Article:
I spent last week at the National Council for the Social Studies Conference and am still on a high from being with a bunch of proud history nerds.
While I was in Washington, D.C. I went to the Florida House and I was talking to our host about Common Core. She was in graduate school for public policy, but wanted opinions on Common Core. My colleagues said they liked the standards because of the emphasis on close reading and the integration of primary sources and non-fiction materials. I agreed. But, with the caveat that in elementary school this integration doesn’t always happen. So, yes, I have pause about Common Core in elementary grades. I have seen the exclusion of social studies in elementary classrooms and it makes my heart hurt because it means our students are missing out on learning opportunities to practice and refine the key skills needed to analyze and interpret history.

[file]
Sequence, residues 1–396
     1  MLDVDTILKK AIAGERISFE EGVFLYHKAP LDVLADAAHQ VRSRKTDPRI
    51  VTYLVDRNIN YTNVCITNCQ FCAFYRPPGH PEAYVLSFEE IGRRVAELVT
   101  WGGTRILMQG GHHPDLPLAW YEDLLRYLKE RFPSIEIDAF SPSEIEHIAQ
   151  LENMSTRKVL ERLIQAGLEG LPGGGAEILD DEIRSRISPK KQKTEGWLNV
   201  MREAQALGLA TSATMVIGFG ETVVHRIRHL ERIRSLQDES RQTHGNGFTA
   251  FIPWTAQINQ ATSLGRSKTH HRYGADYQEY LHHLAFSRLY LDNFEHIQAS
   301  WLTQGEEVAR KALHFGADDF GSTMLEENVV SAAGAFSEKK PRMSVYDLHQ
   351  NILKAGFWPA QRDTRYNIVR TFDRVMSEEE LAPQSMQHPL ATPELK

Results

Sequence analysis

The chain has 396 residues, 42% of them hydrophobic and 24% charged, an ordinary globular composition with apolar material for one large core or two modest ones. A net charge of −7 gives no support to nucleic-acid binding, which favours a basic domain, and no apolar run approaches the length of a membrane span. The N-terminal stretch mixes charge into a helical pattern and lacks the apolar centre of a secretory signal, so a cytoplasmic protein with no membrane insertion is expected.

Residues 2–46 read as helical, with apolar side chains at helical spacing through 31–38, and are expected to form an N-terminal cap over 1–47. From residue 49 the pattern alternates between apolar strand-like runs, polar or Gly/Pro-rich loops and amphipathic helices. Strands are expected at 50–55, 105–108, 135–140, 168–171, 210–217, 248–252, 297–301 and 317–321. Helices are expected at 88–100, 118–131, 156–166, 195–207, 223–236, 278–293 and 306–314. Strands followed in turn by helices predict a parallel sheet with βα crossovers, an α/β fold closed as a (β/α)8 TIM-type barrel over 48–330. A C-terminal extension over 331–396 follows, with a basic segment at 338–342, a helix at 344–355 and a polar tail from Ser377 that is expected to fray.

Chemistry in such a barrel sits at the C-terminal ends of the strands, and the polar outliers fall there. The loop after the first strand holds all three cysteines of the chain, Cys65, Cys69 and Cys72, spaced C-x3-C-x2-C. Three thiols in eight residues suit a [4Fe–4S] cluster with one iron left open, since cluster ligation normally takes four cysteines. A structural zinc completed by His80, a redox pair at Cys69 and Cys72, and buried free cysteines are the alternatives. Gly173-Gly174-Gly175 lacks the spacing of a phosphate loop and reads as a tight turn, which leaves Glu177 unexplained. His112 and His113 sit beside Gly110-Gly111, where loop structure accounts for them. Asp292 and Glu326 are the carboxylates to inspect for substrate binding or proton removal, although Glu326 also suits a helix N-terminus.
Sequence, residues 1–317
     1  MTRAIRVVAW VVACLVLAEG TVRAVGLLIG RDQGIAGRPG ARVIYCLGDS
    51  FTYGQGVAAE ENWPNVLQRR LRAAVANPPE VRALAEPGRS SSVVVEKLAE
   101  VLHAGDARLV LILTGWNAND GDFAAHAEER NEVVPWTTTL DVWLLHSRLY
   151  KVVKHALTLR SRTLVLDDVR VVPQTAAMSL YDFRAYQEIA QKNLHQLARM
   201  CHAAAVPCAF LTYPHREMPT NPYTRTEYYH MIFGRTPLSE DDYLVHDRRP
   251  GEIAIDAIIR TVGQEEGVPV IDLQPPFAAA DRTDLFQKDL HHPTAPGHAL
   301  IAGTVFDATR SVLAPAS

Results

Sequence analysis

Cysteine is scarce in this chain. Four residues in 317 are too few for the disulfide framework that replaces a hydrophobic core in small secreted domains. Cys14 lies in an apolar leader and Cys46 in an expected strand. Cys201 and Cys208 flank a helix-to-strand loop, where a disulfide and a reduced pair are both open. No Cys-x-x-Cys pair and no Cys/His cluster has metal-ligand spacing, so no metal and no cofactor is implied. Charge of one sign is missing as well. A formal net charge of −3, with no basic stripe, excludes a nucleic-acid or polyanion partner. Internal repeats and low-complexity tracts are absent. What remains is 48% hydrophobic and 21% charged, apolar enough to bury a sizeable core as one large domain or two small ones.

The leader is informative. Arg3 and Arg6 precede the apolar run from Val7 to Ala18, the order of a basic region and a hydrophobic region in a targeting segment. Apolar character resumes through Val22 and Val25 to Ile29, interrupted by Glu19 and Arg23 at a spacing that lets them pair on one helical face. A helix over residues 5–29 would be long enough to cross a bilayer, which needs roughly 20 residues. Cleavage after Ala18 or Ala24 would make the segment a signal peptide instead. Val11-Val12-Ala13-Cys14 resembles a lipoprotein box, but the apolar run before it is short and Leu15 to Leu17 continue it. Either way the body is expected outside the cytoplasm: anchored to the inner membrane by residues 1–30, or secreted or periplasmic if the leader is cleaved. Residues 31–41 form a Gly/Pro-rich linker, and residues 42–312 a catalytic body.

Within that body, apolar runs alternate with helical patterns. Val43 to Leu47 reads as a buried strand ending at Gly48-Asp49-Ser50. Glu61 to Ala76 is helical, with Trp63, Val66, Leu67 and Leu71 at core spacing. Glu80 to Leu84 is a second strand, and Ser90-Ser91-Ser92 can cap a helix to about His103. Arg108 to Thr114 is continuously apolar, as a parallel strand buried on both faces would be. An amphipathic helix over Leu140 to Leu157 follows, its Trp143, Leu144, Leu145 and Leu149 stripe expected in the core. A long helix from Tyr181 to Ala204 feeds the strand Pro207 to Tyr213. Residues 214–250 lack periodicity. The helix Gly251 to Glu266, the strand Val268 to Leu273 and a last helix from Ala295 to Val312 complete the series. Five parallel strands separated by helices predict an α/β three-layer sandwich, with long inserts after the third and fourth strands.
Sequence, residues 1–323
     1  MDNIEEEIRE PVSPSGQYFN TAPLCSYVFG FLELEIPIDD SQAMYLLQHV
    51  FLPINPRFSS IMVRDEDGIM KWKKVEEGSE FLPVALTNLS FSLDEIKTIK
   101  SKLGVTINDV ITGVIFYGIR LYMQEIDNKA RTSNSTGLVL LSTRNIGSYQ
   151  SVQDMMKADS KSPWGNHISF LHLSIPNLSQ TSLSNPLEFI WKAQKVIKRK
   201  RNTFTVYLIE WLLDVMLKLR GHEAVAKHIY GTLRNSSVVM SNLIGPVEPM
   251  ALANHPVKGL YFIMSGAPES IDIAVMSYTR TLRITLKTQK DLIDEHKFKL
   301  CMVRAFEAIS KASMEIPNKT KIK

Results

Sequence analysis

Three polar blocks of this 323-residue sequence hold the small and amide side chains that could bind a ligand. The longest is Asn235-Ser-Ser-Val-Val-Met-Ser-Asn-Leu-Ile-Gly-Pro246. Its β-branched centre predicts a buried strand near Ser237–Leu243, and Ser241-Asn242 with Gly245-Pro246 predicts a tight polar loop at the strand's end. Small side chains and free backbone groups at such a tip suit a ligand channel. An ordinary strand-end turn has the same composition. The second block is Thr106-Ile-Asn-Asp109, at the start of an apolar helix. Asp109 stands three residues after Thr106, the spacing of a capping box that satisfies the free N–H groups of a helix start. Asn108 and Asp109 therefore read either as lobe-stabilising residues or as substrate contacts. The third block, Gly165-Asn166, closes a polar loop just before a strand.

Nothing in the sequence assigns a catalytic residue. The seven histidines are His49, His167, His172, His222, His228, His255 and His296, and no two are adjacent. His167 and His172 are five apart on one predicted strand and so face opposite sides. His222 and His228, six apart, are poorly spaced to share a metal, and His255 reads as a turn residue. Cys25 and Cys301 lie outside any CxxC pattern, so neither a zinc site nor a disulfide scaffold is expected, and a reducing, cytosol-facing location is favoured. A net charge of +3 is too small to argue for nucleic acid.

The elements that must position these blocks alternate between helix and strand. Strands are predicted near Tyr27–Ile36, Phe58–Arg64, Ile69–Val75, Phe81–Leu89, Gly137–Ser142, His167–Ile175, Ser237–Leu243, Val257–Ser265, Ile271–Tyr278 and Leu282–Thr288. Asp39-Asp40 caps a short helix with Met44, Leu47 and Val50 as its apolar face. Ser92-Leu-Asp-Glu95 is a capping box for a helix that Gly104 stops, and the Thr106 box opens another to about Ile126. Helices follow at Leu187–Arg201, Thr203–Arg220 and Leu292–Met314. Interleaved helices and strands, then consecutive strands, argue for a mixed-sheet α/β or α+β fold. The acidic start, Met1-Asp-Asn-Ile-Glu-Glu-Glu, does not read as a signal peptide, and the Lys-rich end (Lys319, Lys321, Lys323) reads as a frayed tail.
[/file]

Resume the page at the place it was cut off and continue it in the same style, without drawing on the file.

I had a bit of a debate with a friend over the weekend about content versus skills in the social studies classroom. I am firm believer that skills are the foundation, especially in today’s world when students can find content on their own. I am not saying the content is not important. It is. But, I would much rather my students discover that content through the use of historical thinking skills. The type of skills that the C3 framework lays out: questioning, inference, evaluating sources, communicating, and critiquing.
This article from Smithsonian Magazine came on the heels of my travel to the NCSS Conference, after days of discussing primary source analysis, object-based learning, cultural competencies, global understanding, and the importance of history education.
The emphasis in the article was on the history teacher’s role in facilitating student understanding of the authenticity of news sources.
The author of the Smithsonian article argues that:
The history classroom is an ideal place in which to teach students how to search and evaluate online information given the emphasis that is already placed on the careful reading and analysis of historical documents.
But, this point only stresses why teaching skills is sometimes more important than teaching content.